Although I finished the challenge of writing 50,000 words in a month, I am still writing, though I’m back to my usual snail pace and my habit of thinking while I write. It’s not so much that I’m reverting to my old ways, but that I’ve written all the easy parts. Now, besides figuring out how to put the book together, I have to write any missing scenes, write the connective tissue that turns isolated scenes into a cohesive story, and write descriptions, which has always been hard for me. I am not fond of long descriptive passages, but I understand the need to anchor a reader to the story with visuals, so I try to describe a scene in as few words as possible. Generally I do this by finding a significant detail — the one thing that will make a scene come alive, such as a green lizard on the ceiling of a hotel room in Thailand or a razor-wire-topped fence hidden in the trees.
All those parts of the story take thought, which means no more writing at break-finger speed. Still, I’ve come away from the experience with a better appreciation for the writing process (though, drat it! It was supposed to be a vision quest, and I had nary a vision.)
The most important lesson I’ve learned from this experience is that by jumping around and writing scenes as I think of them rather than trying to write them chronologically, I can see what I need to include. For example, in my other WIP, the apocalyptic allegory that’s been paused for the past three years while I dealt with life, I need to have my hero preparing for the future. I couldn’t think of all that he would need, but after writing a scene where he assisted at the birth of a baby, I could see he needed something with which to cut the cord. I already had him sharpening a bit of flint, but since these end-of-the-world-as-we-know-it-survivors have no clothes but loincloths, which traditionally do not come equipped with pockets, he pulled the flint out of a pouch. Aha! So now I not only have to have him make the flint, I have to have him carrying it around. He started out working on it in secret and hiding it before returning to the group, no he will have to make a pouch (out of what? and how?) and start carrying the makeshift knife. But why would he go through all that trouble? Perhaps too many people have shown an interest in his activities. Perhaps someone went searching for the knife. Perhaps he just likes knowing it is available if he should need it.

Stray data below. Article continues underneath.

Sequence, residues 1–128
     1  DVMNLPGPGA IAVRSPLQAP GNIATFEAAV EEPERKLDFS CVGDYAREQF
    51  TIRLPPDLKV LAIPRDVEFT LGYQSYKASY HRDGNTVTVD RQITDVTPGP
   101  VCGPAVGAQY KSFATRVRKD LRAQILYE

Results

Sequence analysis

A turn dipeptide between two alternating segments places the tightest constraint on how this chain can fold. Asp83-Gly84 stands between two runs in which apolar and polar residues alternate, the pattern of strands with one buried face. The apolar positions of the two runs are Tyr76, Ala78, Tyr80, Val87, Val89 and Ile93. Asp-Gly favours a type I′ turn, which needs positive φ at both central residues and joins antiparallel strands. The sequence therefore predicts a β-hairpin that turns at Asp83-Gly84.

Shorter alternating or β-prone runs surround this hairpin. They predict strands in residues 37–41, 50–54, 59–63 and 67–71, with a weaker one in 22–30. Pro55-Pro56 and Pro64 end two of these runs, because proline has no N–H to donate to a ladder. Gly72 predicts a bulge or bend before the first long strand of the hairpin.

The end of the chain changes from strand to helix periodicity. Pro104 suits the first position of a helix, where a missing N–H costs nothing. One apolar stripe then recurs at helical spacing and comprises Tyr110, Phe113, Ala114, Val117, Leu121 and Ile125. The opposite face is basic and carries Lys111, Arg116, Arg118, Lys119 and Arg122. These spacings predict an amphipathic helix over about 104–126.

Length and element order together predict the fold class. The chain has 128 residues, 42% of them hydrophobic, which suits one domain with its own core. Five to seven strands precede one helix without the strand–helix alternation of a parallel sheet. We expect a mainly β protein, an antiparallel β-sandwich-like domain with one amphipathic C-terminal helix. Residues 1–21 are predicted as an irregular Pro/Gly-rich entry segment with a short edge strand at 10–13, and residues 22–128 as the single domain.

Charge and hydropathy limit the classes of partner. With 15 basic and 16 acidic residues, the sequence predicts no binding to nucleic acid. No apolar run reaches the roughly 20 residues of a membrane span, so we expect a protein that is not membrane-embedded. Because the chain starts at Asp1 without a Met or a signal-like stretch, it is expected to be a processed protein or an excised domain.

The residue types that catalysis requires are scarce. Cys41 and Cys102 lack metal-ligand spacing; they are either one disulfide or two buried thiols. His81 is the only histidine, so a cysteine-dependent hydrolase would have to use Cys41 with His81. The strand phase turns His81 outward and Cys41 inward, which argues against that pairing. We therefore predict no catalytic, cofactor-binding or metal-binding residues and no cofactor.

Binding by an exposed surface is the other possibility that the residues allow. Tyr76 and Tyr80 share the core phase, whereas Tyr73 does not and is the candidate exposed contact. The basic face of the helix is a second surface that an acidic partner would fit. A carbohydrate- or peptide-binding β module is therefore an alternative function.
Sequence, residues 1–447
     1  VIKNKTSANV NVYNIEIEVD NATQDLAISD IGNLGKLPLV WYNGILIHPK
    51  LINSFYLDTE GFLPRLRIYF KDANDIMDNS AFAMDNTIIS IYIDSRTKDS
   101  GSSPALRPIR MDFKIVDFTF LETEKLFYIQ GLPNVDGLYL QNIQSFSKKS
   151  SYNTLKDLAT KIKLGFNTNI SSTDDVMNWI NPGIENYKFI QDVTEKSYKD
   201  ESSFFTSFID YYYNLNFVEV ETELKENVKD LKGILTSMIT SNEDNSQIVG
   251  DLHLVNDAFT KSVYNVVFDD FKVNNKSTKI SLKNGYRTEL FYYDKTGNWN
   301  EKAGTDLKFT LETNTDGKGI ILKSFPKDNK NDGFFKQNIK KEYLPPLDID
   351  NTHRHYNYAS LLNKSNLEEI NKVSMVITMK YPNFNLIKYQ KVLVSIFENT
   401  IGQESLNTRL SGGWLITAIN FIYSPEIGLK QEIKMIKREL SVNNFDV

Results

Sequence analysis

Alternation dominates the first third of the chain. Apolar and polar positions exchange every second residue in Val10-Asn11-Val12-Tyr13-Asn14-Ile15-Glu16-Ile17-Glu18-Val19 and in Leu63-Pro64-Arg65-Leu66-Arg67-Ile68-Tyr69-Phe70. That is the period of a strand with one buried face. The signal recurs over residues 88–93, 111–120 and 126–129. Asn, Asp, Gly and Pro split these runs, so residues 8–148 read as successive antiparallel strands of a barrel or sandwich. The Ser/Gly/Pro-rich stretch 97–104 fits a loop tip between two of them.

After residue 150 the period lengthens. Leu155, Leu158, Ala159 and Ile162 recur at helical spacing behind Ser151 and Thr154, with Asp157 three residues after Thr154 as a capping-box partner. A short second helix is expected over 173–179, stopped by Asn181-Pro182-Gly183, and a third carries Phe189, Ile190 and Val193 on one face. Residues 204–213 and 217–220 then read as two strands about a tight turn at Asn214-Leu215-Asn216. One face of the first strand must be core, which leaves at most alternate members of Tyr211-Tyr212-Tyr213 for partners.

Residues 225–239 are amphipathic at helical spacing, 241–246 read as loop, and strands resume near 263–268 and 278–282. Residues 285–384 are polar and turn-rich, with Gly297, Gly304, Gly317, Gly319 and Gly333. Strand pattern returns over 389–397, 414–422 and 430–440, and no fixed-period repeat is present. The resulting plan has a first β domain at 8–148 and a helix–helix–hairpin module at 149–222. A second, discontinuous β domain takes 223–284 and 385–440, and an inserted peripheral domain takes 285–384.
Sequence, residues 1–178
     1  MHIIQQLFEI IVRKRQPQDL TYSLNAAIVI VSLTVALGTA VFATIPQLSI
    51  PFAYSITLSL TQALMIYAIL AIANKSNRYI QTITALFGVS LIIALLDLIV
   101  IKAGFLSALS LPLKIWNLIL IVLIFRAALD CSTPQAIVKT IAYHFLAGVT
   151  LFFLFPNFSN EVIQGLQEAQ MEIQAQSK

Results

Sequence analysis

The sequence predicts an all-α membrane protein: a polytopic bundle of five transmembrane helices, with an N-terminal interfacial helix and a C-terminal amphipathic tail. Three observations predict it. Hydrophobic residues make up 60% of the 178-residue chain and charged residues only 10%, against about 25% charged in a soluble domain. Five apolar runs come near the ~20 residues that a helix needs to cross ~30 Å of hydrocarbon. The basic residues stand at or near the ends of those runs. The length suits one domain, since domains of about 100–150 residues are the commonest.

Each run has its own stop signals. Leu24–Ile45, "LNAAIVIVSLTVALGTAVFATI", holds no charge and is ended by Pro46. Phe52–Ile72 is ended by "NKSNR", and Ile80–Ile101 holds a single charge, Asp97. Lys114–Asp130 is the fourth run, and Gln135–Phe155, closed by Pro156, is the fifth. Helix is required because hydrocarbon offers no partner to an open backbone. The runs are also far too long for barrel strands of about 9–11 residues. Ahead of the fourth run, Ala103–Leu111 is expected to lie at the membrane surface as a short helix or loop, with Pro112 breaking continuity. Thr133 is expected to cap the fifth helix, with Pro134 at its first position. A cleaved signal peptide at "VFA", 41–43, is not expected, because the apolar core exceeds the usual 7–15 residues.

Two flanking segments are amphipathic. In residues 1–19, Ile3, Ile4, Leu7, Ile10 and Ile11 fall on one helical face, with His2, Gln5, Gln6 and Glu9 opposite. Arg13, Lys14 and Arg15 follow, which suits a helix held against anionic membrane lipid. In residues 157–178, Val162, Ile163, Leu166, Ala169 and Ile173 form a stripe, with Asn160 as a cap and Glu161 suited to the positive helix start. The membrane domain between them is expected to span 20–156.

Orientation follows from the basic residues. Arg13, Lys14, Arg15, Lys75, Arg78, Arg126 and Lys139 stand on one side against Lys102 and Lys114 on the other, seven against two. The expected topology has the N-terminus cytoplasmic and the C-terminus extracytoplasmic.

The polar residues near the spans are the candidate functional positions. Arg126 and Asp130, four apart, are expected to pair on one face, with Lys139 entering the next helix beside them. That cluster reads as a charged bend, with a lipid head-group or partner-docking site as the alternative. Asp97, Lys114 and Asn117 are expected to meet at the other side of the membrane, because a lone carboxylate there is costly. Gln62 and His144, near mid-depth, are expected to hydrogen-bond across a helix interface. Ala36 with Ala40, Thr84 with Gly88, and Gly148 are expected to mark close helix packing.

Answering why is a vital part of keeping our writing cohesive. Without character motivation, we end up with a series of happenings that aren’t connected, which means no story. Knowing what the story needs, such as the flint in the pouch, I can go back and figure out why he’d have it, otherwise it seems too coincidental. And to keep from things being coincidental, I have to think, which means writing at a slower pace. At least for a while.